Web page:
A week of confusion for economists has come to a close, and a new one has begun...
It was another strange week of economics, where nothing that happened really tied up to any event.
The Rand was stable. Far more stable than you would expect, with the amount of news grabbing headlines - both economic and political events of huge importance.
Yet, the Rand soldiered on...
...even breaking the R14/$ level for the first time in 6 weeks!
So let's get into the meat of this review, and how we could have seen another strong Rand week coming...
The week began with the Rand a shade above R14 to the Dollar - with little to no reaction to the Non-Farm Payrolls, we had again ended on a high, and hoped for more of the same.
Our forecast from Friday indicated that we could see some further strengthening to sub R14 to the Dollar, and then a retracement would be imminent:
And here were some of the biggest talking points from the 5 days:
- Brexit - despite 3 years for Theresa May to get a deal together, it was left until the last minute when poor proposal after poor proposal was brought. Now it is too late - a long extension was unavoidable...
- IMF predictions - the global economy is becoming a real worry for world leaders. The momentum is turning fast, as confirmed by the IMF this week
- Eskom worries - the electricity giant is by no means out of the woods while facing potential court action, and running out of cash...
Well, to get right into the biggest turning point of the week: Brexit.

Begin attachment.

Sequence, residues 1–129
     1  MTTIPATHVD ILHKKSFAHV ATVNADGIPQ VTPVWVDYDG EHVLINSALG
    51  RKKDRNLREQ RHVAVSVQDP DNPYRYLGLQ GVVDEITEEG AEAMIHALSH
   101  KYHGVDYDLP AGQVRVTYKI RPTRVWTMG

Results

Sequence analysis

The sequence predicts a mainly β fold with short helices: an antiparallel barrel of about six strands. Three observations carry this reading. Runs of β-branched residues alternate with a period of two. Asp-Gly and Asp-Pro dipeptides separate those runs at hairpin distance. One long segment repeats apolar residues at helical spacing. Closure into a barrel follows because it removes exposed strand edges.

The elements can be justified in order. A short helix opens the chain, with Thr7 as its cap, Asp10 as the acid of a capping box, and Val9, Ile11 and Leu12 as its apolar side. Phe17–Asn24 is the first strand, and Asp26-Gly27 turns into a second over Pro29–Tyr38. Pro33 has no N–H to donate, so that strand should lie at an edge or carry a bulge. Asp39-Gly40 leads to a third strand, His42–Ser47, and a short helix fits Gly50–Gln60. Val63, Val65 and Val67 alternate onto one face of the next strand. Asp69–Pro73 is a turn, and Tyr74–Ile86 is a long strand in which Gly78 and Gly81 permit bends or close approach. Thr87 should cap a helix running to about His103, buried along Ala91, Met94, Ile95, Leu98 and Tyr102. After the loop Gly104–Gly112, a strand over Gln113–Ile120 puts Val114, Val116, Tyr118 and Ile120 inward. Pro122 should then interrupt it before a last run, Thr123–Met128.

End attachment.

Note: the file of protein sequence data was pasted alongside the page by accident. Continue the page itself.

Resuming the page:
Theresa May has failed again, and it is hard to imagine her remaining in power for much longer - despite votes of confidence having failed against her so recently. She had 3 years to put a deal together, and today it is almost as bad as the day after the exit vote was held...
...progress negligible, and no clear path forward.
And it came to the crunch with a meeting on 10 April 2019, just 2 days before the extended Brexit date. The EU leaders got together in Brussels to make a final call, with the clock ticking toward a no-Brexit, which would be chaos like we have not known yet in this whole debacle.
After all was said and done, the net result was an extension the end of October...
Which meant that the UK will have to partake in European elections - as well as poor Theresa May having to come up with another few hundred proposals to UK parliament.
Contrary to past similar events where there was a potential extension of Brexit being announced, the Pound weakened this time around...showing that we cannot look to events to give us market direction...
...previously this has been a trigger for Pound strength, as a hard Brexit would be disaster.
But perhaps it had a little to do with what the other big news for the week was - the IMF's predictions for the global economy over the next few years.